College Trips with Your Teen

diverse happy woman on floorHaving a Junior or Senior in high school prompts a daunting enterprise: finding a college. If ever there was a project that can take all the time you have to give, and more, it’s this one. There are so, so many (too many?) sources of information available regarding tactics. So, I won’t be discussing those strategies. Instead, I’d like to focus on some relationship issues I’ve seen as folks plan college visits.

• Try to develop some scoring rubric in advance of your trip. Divide 100 points up among those factors that matter to you and your teen: cost, distance, academic reputation, college atmosphere, student to faculty ration, etc. Then, as you do your trip do your independent ratings, comparing them after the trip is over.

• Try to surrender the concept of one perfect, or just right school. There are about 1,400 four year colleges in the U.S. So, there are likely more “just right” schools than you could ever have time to visit or seriously consider.

• Schedule an official tour (these will often answer many of your questions). Thenconfused graduate character develop your list of questions that you’d like to see addressed during the tour. The better of these will likely hit all the high points (e.g., dorms, library, classrooms, gym, cafeteria, study abroad options, internships, student center) but, if not, ask.

• Consider this to be a unique bonding opportunity with you and your teen. Take occasion to do some sightseeing or to create some special moments and momentoes. Who knows how much one-on-one time is in your near future with your teen; so, this time (even the commute) can be precious.

woman overwhelmed by books• Always ask for your teens opinion before giving yours. When you disagree with some analysis your teen has rendered, offer empathy for it and try to use questions to make your points. For example, if your teen, upon seeing a work of art at the entrance to the library, notes “Ewww. I could never come to a school that has such terrible art in front of its library!” You could first give empathy for that visceral reaction, pause (and maybe listen more), then ask, “what percent of the average students week here do you think he or she spends looking at that?”

• Try to schedule a visit to see a lecture in a discipline that is of some interest to your teen. Many universities, with a couple of weeks notice, are happy to help with this. (Don’t worry if your teen doesn’t have a major picked out yet. That’s common.)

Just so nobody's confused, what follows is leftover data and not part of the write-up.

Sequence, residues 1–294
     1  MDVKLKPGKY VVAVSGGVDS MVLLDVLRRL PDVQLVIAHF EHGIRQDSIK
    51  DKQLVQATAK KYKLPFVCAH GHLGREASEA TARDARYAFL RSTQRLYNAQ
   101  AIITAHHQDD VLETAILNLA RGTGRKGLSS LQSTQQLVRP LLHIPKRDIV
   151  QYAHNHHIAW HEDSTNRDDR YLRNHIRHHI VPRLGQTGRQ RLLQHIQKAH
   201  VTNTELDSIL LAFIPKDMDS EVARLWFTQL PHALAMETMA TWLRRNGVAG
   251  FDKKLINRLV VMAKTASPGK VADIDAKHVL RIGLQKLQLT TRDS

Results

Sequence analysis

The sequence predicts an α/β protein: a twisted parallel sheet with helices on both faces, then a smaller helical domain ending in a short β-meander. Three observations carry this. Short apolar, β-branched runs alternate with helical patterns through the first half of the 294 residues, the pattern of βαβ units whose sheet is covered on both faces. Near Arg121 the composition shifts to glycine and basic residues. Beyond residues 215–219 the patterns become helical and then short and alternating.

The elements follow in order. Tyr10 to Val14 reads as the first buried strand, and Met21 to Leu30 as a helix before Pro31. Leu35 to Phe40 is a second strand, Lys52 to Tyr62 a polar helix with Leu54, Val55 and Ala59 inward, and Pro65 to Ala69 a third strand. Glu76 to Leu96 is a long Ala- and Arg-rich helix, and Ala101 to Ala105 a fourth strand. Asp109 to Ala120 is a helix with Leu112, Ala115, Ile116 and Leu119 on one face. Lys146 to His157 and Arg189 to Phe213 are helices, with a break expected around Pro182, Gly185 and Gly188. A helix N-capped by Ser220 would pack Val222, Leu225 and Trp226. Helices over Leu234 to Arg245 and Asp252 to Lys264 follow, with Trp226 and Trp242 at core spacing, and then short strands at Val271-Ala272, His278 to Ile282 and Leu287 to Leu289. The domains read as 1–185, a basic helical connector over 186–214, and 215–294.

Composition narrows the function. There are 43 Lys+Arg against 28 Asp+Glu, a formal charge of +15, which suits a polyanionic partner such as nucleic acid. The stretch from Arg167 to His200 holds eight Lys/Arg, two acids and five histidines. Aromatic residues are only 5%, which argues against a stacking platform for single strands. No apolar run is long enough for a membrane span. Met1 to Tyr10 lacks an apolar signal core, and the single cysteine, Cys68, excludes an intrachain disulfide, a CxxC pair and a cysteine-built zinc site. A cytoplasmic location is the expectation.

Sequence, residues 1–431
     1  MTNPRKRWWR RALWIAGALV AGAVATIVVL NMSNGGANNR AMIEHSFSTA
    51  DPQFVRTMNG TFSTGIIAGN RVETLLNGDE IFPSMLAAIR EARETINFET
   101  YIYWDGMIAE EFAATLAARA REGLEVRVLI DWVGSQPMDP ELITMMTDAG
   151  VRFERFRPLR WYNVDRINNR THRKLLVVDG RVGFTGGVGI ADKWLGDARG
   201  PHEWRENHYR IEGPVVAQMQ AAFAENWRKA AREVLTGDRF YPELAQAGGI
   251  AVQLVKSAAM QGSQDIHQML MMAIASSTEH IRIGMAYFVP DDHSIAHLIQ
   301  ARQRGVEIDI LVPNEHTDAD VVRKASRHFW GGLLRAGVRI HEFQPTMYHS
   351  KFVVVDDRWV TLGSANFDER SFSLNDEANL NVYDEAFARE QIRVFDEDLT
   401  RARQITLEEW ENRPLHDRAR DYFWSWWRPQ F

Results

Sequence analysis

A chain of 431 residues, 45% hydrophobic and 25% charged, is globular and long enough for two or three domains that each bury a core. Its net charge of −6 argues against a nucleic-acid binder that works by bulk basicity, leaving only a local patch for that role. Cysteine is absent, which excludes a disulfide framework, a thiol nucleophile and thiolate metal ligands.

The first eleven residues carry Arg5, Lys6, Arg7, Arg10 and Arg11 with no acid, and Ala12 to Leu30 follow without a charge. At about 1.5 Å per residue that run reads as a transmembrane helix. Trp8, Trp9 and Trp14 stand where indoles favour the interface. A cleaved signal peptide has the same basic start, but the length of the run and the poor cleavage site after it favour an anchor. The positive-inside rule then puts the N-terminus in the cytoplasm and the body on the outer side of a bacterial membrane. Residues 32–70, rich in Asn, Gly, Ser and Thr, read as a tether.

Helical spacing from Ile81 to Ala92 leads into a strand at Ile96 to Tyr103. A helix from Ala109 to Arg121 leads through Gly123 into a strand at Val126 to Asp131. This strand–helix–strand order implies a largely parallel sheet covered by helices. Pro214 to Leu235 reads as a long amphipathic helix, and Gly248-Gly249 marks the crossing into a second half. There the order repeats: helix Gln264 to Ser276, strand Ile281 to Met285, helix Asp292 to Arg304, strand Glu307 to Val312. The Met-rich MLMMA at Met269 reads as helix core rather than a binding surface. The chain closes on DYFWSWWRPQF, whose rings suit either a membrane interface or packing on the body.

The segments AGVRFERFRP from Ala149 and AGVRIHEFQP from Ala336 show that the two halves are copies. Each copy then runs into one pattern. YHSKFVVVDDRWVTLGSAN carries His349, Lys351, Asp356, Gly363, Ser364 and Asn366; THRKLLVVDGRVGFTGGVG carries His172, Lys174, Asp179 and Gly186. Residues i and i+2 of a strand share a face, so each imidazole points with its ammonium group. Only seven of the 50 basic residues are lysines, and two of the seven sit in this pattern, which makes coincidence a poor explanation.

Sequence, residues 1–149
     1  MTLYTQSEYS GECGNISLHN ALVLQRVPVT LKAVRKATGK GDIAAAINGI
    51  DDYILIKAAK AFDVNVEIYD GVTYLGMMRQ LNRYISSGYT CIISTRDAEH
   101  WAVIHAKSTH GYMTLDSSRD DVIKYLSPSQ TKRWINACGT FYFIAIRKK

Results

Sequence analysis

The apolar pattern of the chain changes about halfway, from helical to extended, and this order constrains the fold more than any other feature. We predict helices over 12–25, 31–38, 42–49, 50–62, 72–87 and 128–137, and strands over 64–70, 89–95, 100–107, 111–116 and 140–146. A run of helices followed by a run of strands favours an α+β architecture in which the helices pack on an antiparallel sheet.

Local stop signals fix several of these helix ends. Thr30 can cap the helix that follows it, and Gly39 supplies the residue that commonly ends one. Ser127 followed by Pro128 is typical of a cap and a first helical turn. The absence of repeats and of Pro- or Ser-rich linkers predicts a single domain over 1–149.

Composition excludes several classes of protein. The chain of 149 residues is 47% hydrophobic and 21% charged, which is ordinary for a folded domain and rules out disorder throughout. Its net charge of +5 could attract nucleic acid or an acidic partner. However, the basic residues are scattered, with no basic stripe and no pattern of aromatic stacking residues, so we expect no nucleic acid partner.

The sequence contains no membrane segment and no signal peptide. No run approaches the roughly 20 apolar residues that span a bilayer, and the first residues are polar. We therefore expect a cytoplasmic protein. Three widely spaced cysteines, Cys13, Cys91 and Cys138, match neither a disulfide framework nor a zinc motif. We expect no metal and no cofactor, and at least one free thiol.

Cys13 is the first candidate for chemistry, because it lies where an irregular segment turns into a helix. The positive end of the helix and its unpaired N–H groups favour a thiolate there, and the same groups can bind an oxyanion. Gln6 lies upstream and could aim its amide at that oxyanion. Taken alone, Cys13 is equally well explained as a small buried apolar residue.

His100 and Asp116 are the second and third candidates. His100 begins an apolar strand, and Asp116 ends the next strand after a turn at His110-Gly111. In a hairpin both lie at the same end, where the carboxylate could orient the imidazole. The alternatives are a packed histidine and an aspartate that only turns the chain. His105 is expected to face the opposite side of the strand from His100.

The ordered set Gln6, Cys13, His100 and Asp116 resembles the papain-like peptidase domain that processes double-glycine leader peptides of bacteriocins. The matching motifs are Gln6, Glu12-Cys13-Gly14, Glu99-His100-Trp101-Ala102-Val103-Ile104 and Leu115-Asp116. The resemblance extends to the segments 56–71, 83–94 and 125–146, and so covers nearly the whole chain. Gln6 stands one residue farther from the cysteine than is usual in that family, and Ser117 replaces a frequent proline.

• Make sure to take your own tour of the department where your teen may have a major. Don’t hesitate to knock on any doors where you see a faculty member and ask if s/he has 5-10 minutes for questions. (Make sure to have some ready.) The worse thing that happens is that s/he doesn’t have the time. The best thing that happens is that a faculty member, where your child ends up going to school, starts to develop a positive connection with your child.

• Try to make the time to look around the community surrounding the campus, leadershipfiguring out what various practicalities might be at play. (Many campuses are self-contained in terms of the range of services and entertainment available but sometimes it will be nice to break out to the surrounding area.) This can also give you a sense for the range of internships that might be available.

• Set up a timeline for yourselves. Your teen’s guidance counselor, or the myriad of other resources available to assist (e.g., websites, e-books), can guide you about what should go on your timeline. This can help you to feel some sense of control over what can be an incredibly daunting prospect.

man stressing to pursue money• Begin having discussions with your teen about financing as soon as you can in the process: what you can do and what you can’t do, or what you’re prepared to do and what you’re not prepared to do. This can be an important factor in helping your teen to be realistic about which schools s/he seriously targets and reduce the odds that s/he will fall in love with a school that isn’t a possibility. (Your guidance counselor can help you to rough estimate what adjustment down from the sticker price your child might hope to get from the school given the strength of his or her application.)

 • Begin reflecting on your teen’s capacity to manage himself or herself at various institutions. Is Becky ready to be 8 hours away on an urban campus with 10,000 students? Is Jaden prepared to do well in a lecture hall with several hundred students? In other words: what’s the nature of this pond and how well or poorly might your progeny swim there?
• Lastly, try to be patient with the process. We parent-lunatics are at risk to black man walingover-worry, to over-control and to get freaked out at all of the uncertainty. Somehow, someway, somewhere, s/he will likely land at some institution of higher learning and avoid a life of crime and/or homelessness.
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